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Child care providers hope new federal grants will help Iowa combat shortage

Federal funding will go to building new child care facilities across the state at a time when more resources are desperately needed.

DES MOINES, Iowa — New federal funding will go to building child care facilities across the state, as some providers are still struggling to get up and running at a time when more facilities are desperately needed.

It's a problem Wes Foster, Director of the Highland Park Community Development Association, said he's been working on for six and a half years.

"We asked the community what's the need, and a lot of research, we found that there was a there's a huge lack of child care in this area."

Foster opened the doors of Precious Beginning's Children Center two weeks ago, and he says there's still a lot of work to be done.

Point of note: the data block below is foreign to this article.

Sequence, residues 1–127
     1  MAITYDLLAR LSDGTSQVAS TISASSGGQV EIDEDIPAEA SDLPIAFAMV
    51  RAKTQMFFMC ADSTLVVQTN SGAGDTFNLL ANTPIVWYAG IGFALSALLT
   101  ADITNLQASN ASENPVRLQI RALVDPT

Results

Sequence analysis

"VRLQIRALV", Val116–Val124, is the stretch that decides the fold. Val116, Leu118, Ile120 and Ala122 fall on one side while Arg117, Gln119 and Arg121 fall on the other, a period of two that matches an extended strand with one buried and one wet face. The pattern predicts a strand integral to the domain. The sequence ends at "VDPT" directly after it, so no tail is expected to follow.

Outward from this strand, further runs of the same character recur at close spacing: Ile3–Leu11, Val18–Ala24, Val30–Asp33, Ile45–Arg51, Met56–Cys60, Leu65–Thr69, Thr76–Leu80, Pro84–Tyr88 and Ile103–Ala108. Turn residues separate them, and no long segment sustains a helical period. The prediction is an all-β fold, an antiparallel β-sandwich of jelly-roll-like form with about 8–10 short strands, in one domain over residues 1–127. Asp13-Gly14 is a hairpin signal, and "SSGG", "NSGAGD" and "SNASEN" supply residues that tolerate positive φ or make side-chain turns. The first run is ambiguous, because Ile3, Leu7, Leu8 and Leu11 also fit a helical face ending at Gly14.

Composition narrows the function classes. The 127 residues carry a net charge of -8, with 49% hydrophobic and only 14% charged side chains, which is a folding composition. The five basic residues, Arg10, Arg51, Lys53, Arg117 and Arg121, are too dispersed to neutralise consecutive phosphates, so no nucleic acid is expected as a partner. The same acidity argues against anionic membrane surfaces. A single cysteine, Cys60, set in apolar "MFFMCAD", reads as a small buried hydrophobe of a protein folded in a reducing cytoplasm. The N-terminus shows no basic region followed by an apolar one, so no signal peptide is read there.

"We're just waiting on more grants, and just more money is, essentially, before we can finish it up," he said.

The center recently received more than $500,000 from U.S. Department of Health and Human Services and $10,000 from the Iowa Work Force Development

The pressing need for more childcare extends past the metro too. Cherie Cerveny says her rural community is also struggling with it.

"We had a study done of the child care need in our county, not just for the community of Jefferson, but in the entire Greene County area, and it showed that there was a great need for childcare that did not exist," Cerveny said.

The Jefferson County Early Learning Center is getting a brand new building that will increase its capacity by 50%, which will open up 70 new spots. 

Both of those new facilities are actively looking for staff, which can be especially challenging in rural areas. The Jefferson County Early Learning Center is looking for people who love working with kids and ideally have a two-year degree in child development.

Cerveny said the challenge arises when candidates with four-year degrees are attracted to work in metro where the pay can be higher.

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